These wet meadow habitats are placed here with the open habitats as their wet nature may not be apparent from a distance, or for a significant part of the year. However, a slight increase in the amount of freshwater inundation to these habitats can soon see them progressing to herb-rich marshes or cattail stands; indeed, classifying an area as a wet meadow community or as a herb-rich marsh may be ratrher arbitrary at times and can even be interchangeable depending on the time of the visit, or the vagaries of the weather at the time (the amount of rain that has fallen).

    A number of those wet meadow communities that can be found, are found on powerline cuts, where the cuts traverse wet areas. Here, the powerlines provide artifically created open areas, but ones which nevertheless can often produce interesing plant communities.
    Typical indicator species
  • Nuttall's Reed-grass
  • Steeplebush
  • Lance-leaved Violet
  • Maryland Meadow-beauty
  • Virginia Meadow-beauty
  • Yellow Thistle
  • Common Boneset
  • Species to watch for
  • White Fringed Orchid
  • Yellow Fringed Orchid
  • Meadow Garlic
  • Dwarf Prairie Willow
  • New York Ironweed
  • Spotted Joe-pye-weed

  • Inland Sand Dunes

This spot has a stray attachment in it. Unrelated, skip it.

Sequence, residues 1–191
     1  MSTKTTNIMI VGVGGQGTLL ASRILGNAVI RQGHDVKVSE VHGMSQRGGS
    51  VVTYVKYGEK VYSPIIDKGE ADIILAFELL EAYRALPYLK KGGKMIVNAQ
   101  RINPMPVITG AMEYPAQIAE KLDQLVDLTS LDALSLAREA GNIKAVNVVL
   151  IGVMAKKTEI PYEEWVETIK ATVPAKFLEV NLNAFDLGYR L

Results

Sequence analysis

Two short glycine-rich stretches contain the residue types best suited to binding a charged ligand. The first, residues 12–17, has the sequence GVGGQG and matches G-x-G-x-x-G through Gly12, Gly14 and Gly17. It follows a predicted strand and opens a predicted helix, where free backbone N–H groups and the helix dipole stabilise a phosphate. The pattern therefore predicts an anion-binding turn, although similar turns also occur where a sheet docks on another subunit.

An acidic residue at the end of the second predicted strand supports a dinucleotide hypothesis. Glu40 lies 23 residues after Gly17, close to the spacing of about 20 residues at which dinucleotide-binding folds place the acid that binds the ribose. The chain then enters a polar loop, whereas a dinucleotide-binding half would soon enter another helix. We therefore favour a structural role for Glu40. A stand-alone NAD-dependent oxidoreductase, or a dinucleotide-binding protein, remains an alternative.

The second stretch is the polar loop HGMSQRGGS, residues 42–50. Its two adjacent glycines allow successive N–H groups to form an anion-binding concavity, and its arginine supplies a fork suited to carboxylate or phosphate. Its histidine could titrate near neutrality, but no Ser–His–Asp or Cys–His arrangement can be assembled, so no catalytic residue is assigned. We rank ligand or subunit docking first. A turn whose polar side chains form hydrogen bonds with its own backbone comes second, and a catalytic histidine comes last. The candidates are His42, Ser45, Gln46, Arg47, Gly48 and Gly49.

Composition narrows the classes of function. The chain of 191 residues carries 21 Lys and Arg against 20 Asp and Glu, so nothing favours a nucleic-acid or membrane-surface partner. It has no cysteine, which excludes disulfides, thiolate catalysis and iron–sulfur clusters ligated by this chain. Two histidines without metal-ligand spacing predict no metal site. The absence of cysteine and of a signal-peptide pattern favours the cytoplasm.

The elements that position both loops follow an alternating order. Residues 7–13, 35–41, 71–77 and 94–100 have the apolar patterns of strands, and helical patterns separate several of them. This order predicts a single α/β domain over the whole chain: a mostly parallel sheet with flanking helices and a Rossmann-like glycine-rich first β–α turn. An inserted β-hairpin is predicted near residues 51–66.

Inland Sand Dunes
    Stands of the rather unusual-looking
    Orange-grass are often a feature of
    wind-blown sand areas.

    Inland sand dunes form interesting and often dynamic habitats, but they are now far less common than they once were. As with coastal dunes, the fine sands can be influenced by the wind and can move periodically across the landscape. As more houses were built, these dune complexes suffered in two ways; firstly, roaming dunes could not be tolerated where they threatened to overwhelm human habitation and, secondly, the sands of the dunes were removed and used for construction purposes. In many cases, sand mining continued below the natural profile of the land and in many places where there were once mobile dune systems, there are now lakes and ponds. But small areas of inland sand dune still exist in Cape May County, especially in the northern half of the county.

    The plant communities of inland dunes are somewhat similar to those of coastal dunes, but there is less need for the plants to be salt-tolerant, so a number of extra species can be found inland that do not typically occur at the coast. Because aspect, topography and the influence of neighboring plant communities can affect the species that occur, it is hard to define a list of typical indicator species, and none of these species is specific to these habitats. But by their open nature, with areas of bare sand naturally dominating the scene, inland dunes can be identified relatively easily. Over time, a number of mobile sand systems have probably eventually become stabilized by the establishment of woody plants such as Beach Plum, Pitch Pine and Black Cherry. These locations then generally progress to pine-oak forest. But where the sands have not been colonized by woody plants, colonies of annual grasses, hudsonias, pinweeds, orange-grass and similar low plants tend to dominate.
    Typical indicator species
  • Small Bur-grass
  • Beach Plum
  • Orange-grass
  • Woolly Hudsonia
  • Slender Snakecotton
  • Species to watch for
  • Heath-like Hudsonia